Abstract

A neoichnological resin cast of modern burrows from a mudflat at Willapa Bay, Washington, reveals much of the architecture of the infaunal community present locally within sediments of this mudflat. The cast structures comprise Psilonichnus-, Skolithos-, Trichichnus-, Chondrites(?)-, Planolites-, Palaeophycus-, and Arenicolites-like burrows. The range of behaviors represented by these structures cannot be classified into an archetypal (Seilacherian) ichnofacies.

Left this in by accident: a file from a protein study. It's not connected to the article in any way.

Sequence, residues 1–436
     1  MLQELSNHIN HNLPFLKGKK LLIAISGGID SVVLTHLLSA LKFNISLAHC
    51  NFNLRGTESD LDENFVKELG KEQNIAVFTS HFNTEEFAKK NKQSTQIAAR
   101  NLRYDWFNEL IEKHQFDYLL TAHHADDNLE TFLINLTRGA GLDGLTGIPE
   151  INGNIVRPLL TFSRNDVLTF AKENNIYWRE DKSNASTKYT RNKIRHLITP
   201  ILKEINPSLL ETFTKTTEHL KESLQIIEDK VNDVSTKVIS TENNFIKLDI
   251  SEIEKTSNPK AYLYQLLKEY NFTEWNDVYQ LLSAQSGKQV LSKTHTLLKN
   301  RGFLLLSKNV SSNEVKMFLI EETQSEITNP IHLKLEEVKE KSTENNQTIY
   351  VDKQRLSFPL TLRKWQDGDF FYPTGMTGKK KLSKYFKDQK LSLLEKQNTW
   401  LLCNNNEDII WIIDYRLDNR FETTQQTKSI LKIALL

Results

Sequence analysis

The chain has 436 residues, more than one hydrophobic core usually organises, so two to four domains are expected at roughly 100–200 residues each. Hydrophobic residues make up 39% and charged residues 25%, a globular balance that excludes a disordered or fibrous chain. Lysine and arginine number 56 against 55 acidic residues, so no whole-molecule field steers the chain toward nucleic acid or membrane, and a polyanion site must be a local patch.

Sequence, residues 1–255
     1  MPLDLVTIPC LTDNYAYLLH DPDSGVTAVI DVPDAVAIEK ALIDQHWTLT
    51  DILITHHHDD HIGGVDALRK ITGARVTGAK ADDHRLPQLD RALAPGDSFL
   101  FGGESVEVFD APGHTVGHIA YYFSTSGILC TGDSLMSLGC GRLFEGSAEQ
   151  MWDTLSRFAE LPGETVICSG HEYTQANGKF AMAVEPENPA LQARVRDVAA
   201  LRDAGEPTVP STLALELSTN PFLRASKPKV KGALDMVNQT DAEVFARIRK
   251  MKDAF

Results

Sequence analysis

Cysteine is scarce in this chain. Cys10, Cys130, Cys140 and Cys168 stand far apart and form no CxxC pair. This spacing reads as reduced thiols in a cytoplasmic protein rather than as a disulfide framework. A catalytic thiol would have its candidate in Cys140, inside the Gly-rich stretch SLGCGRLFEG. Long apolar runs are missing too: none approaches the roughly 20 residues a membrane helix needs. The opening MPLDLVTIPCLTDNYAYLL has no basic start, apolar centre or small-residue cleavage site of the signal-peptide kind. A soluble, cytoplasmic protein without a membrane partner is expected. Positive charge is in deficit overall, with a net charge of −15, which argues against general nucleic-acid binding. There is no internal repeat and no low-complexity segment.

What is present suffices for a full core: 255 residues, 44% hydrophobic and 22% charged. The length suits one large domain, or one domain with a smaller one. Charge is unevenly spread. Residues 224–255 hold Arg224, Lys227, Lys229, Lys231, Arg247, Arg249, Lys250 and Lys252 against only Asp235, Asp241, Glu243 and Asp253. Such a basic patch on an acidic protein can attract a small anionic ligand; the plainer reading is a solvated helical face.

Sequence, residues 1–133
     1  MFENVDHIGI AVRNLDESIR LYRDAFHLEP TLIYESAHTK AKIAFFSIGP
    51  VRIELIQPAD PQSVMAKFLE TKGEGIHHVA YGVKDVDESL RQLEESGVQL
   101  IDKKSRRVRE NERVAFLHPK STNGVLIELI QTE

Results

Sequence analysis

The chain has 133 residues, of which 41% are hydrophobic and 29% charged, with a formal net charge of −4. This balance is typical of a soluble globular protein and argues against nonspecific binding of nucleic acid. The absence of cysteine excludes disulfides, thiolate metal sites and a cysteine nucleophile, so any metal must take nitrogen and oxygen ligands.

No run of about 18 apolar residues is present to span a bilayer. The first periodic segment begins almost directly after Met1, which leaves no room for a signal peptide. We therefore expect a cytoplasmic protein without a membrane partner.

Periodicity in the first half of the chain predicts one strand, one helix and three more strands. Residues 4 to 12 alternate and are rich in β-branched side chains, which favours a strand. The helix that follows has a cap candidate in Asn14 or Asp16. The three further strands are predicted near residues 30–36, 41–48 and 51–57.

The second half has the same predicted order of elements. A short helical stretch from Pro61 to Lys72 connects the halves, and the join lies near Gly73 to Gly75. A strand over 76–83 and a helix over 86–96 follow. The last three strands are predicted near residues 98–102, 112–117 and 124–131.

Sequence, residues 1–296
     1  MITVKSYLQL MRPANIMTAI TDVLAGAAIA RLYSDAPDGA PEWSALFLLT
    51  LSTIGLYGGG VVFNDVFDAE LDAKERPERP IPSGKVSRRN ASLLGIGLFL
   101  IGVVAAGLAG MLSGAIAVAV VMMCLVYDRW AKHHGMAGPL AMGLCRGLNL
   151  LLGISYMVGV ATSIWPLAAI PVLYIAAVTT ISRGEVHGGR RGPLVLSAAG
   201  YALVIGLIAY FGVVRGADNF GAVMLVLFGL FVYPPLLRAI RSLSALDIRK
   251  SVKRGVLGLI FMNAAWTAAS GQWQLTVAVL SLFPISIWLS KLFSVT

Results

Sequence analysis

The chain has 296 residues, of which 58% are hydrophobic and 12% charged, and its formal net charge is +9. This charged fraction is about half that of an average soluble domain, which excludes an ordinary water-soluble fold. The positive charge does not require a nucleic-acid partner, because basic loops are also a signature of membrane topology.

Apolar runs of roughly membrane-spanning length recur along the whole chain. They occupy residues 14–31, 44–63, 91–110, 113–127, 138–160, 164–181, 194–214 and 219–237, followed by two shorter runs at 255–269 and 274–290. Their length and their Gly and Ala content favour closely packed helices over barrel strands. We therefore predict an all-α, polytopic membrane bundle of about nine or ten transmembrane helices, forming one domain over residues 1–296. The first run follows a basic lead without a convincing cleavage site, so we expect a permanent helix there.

The resin cast contains many coeval, composite burrows that may reflect certain commensal relationships. Notable composite associations include: (1) siphon shafts of Mya arenaria that are connected to and descend from crab domiciles; (2) an example of a pair of infaunal Mya arenaria that share a single siphonate shaft; (3) abundant Heteromastus burrows that connect to crab and bivalve burrows; and, (4) Nereis burrows that are connected to crab domiciles. It is suggested that such contemporaneous relationships, if passed into the fossil record, might be misinterpreted as representing tiering or faunal succession. The reported observations provide a new perspective on the potential significance of interpenetrating trace fossils and complex ichnofabrics.

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